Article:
That’s why I am appealing to you, our members, for help. We don’t want our new Genealogy Department to die from neglect, but we can see the writing on the wall. If a person who has never done any genealogical research comes in and asks for help to get started, what is she or he going to hear? “Let’s go on the internet.” “Here is the computer, let’s look it up in the online card catalog.” “Tell me the book you want and I can help you find it.”
     What is being done in other libraries? Some genealogy societies have their own library, separate from the public library system. Some public libraries have one or more certified librarian-genealogists on duty at all times. Some societies have volunteers to take one or more days a week to work in the library. What is your advice? Please mail or email us (Jess or Ed) your suggestions and/or experiences in other libraries. We are ready for your input.
      Now don’t get me wrong. We have a wonderful library and a most helpful staff, as evidenced by their being awarded the coveted title of Louisiana Public Library of the Year.  Board Chairman Charles Davidson was also noted as trustee of the year. The award recognizes public libraries that have shown innovation, achievement and outstanding community service. A panel of librarians from The Louisiana Library Association judged public libraries from across the state comparing the libraries’ services, statistics and human resources for the last three years. If you want to read the complete article, it was published on March 7, 2004, and is available at the Houma Courier’s website, here: <<http://www.houmatoday.com>> I am only concerned with our beautiful Genealogy Room.

DEATHS: Our sympathies go out to Board Member Louis Duet and his wife Sharon, in the death of her mother, Laura Maronge Ayo, on March 5, 2004; a native and resident of Thibodaux, LA. She is survived by two sons, Scott Ayo and wife Tammy, and Stuart Ayo and wife Kristie; four daughters, Sheryl Zeringue and husband Robert, Sharon Duet and husband Louis, Sue Adams and husband Cecil, and Sally Tardiff; two sisters, Vivian Landry and Grace Benoit; 14 grandchildren; 14 great-grandchildren; and one great-great-grandchild. She was preceded in death by her husband, Paul O. Ayo; her parents, Philip and Elizabeth Toups Maronge Sr.; one granddaughter, Stephanie Tardiff; and two brothers, Philip Jr. and William “Bill” Maronge.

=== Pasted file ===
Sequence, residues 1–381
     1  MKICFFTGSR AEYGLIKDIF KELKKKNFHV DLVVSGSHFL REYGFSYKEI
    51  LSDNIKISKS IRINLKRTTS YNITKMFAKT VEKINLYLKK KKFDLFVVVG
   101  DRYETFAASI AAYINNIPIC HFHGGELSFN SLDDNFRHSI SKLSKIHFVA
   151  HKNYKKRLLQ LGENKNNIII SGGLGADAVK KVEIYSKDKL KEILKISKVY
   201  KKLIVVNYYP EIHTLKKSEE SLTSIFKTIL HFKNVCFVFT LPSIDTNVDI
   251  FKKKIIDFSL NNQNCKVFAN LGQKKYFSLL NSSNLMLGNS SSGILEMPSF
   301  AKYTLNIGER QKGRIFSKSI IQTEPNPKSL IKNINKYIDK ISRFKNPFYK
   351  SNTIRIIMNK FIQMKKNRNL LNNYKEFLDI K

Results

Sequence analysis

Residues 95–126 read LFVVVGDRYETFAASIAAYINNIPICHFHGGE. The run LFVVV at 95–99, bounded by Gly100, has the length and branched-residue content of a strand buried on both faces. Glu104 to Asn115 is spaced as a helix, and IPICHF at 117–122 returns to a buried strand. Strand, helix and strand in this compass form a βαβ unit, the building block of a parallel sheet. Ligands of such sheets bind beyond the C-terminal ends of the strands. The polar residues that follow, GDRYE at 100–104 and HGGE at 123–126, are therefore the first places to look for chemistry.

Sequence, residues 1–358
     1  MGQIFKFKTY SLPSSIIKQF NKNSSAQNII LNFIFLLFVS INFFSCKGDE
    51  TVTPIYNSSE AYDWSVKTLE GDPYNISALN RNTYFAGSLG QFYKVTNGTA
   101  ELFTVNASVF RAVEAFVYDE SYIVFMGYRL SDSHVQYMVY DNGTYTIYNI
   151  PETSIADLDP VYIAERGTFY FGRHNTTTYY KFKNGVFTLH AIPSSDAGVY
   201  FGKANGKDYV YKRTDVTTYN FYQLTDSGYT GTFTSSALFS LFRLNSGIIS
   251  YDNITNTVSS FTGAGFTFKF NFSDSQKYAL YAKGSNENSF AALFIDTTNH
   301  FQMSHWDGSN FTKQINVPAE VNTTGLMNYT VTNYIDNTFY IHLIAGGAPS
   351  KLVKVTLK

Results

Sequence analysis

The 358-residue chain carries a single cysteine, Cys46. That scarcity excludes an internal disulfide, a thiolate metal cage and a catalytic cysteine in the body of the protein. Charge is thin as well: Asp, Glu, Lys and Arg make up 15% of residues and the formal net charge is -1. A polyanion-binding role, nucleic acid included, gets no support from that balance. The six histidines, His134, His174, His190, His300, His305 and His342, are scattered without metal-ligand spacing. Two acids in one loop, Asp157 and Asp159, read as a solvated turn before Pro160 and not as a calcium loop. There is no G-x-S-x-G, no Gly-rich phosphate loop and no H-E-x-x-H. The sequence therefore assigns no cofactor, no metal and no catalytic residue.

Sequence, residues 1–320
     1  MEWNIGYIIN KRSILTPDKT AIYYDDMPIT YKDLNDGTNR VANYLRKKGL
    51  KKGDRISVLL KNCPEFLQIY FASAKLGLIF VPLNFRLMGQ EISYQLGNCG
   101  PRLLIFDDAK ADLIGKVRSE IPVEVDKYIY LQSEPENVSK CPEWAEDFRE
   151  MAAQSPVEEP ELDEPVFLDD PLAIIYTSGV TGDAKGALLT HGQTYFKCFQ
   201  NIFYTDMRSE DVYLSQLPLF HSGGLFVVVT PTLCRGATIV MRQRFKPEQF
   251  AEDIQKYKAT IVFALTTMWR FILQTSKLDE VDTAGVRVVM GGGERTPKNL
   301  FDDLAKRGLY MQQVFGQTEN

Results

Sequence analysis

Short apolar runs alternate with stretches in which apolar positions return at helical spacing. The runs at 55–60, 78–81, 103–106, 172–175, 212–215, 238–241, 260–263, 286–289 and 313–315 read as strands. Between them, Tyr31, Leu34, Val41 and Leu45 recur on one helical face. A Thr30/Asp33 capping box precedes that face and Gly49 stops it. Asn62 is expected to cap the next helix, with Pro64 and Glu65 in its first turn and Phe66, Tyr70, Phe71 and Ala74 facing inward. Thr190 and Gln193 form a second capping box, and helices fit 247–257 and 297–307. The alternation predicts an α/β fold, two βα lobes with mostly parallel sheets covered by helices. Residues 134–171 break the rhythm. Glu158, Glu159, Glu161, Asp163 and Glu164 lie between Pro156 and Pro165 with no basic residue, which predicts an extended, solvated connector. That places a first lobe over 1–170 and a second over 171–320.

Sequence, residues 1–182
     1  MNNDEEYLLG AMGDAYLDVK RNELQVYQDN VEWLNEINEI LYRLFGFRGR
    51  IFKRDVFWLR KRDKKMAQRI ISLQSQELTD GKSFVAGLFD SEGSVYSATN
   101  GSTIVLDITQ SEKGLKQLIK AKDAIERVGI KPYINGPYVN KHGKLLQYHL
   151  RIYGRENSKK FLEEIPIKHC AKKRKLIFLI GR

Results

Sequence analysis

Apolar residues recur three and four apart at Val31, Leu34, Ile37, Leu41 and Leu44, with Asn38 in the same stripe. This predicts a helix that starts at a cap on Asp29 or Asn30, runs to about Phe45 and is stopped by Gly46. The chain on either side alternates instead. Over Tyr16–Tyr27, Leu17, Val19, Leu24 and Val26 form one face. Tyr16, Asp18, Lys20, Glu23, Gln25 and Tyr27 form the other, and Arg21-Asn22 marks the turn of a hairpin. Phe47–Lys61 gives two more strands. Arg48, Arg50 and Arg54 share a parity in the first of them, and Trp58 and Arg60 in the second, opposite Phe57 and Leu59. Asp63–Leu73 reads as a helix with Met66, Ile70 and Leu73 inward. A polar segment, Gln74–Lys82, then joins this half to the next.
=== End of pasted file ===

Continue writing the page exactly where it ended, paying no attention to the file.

Please remember in your prayers charter member (and lifetime member) Ruby Pennison (Babin) Gabriel, whose son, Gary Babin, died on March 6, 2004. A native and resident of Houma, he was a parishioner of St. Bernadette Catholic Church. He is survived by his mother and stepfather, Louis Gabriel; three sons, Brian M., Lee M., and Lane H. Babin; one daughter, Brie M. Babin; two sisters, Meryl B. Romano and Mary B. St. Germain; his grandmother, Elodie Louviere Pennison; and two grandchildren. He was preceded in death by his father, Henry J. Babin; one son, Gary M. Babin Jr.; and his grandparents, Arthur Pennison, Claude Babin and Mathilda Chauvin Babin.